Hazardous Atmospheres in Confined Spaces
Entrants are in the most danger because of the many, often invisible, hazards associated with permit space environments. In order to properly identify the hazards of confined spaces, each space needs to be individually surveyed. By assessing the specific space, as well as the work to be performed, appropriate measures can be taken to avoid tragic incidents.
In general, the hazards of confined spaces are categorized as either atmospheric or physical. Atmospheric is usually the most lethal because dangerous atmospheres are not always detectable through the senses. Also, the atmosphere in a confined space may be extremely hazardous because of the lack of natural air movement. This characteristic of confined spaces can result in:
§ Flammable/combustible atmospheres, and/or
§ Toxic atmospheres.
Normal air has an oxygen content of 20.8 percent. An atmosphere is considered “oxygen-deficient” when there is less than 19.5 percent available oxygen. Any atmosphere with less than 19.5 percent oxygen should not be entered without an approved self-contained breathing apparatus (SCBA).
When the oxygen level drops below 17 percent, an entrant may experience rapid breathing and an accelerated heartbeat. As the oxygen content decreases, other physical effects become evident including poor muscle coordination, rapid fatigue, and intermittent respiration, nausea, and an inability to perform tasks. At concentrations less than six percent, there is rapid loss of consciousness, and death occurs in minutes.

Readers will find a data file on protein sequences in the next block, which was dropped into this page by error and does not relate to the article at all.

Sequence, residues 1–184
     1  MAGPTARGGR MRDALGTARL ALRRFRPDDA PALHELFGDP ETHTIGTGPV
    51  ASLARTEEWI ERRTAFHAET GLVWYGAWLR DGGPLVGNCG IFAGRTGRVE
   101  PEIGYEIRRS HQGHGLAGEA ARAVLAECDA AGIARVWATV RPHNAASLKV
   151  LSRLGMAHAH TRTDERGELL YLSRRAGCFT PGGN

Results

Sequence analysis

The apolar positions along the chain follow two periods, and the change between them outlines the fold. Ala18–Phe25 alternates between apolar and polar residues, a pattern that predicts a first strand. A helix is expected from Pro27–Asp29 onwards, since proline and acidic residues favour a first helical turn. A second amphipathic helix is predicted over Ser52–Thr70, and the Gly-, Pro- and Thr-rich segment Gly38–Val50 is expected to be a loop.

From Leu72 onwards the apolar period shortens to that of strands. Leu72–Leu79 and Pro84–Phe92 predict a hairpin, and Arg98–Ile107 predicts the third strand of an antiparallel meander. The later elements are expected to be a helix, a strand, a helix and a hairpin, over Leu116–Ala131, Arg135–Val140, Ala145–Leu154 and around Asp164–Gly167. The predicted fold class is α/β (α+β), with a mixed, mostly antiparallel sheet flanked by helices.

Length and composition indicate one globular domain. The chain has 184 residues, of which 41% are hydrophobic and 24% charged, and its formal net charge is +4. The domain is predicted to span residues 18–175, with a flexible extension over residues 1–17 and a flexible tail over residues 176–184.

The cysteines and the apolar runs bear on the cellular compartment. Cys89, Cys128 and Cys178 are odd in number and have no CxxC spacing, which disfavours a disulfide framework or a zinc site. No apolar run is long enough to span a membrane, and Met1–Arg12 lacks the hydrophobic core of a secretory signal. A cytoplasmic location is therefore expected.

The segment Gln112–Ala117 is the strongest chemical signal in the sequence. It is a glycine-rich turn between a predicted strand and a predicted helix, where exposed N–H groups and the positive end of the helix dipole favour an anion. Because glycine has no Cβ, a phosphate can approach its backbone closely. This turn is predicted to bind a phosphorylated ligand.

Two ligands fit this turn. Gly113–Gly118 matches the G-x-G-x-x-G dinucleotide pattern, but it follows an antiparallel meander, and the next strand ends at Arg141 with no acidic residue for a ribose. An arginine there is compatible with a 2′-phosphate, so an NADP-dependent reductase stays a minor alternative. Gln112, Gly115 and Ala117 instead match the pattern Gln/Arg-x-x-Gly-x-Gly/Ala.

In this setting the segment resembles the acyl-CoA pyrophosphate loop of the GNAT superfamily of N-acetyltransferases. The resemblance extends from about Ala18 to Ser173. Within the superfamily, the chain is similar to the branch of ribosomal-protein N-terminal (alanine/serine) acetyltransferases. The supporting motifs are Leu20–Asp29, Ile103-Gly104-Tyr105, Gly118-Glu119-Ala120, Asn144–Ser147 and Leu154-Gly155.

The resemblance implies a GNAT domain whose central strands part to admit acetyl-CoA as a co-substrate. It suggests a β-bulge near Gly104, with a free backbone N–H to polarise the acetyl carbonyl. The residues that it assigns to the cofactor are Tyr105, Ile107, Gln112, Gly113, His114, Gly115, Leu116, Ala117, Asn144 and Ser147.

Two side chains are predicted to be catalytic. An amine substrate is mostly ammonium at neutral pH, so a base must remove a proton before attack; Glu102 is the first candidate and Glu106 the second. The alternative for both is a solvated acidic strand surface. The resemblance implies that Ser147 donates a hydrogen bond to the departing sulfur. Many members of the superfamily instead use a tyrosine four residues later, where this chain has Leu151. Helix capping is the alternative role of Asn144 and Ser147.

Oxygen deficiency occurs from chemical or biological reactions which displace or consume oxygen from the space. Oxygen consumption takes place during:
§ Combustion of flammable substances as in welding, cutting, or brazing; and
§ Bacterial action, such as in the fermentation process.
Oxygen deficiency can result from bacterial action in excavations and manholes which are near garbage dumps, landfills, or swampy areas. Slow chemical reactions such as in the formation of rust on the exposed surface of metal tanks, vats, and ship holds will also consume oxygen in a confined atmosphere.
A simple asphyxiating atmosphere contains an inert gas (or gases) which does not produce any ill effects on the body. However, in sufficient quantity, an inert gas will displace oxygen and may result in an atmosphere unable to support normal breathing.
If 100 percent nitrogen — a non-toxic, colorless, odorless gas — is used to displace the oxygen in a confined space, it would cause immediate collapse and death to an entrant if the confined space is not adequately ventilated before worker entry. Other examples of simple asphyxiants which have claimed lives in confined spaces include carbon dioxide, argon, and helium.
A flammable atmosphere generally results from the vaporization of flammable liquids, by-products of chemical reactions, enriched oxygen atmospheres, or concentrations of combustible dusts. For combustion to occur, three elements — oxygen, fuel, and heat — must be present in the atmosphere. In the right amounts, these elements create an unrestricted chemical reaction which produces a fire. If one of these elements is missing, or is not present in the appropriate amount, combustion will not occur.
§ Fuel — a flammable gas, vapor, or dust
§ Oxygen — to support combustion
§ Source of ignition — a sparking, heat, pressure, shock, or impact
The proper mixture of fuel and oxygen varies from gas to gas. The flammability range for each gas is measured in terms of the lower flammability limit (LFL) and the upper flammability limit (UFL). Ten percent of flammable gas and vapor lower exposure limits is generally considered a safe level.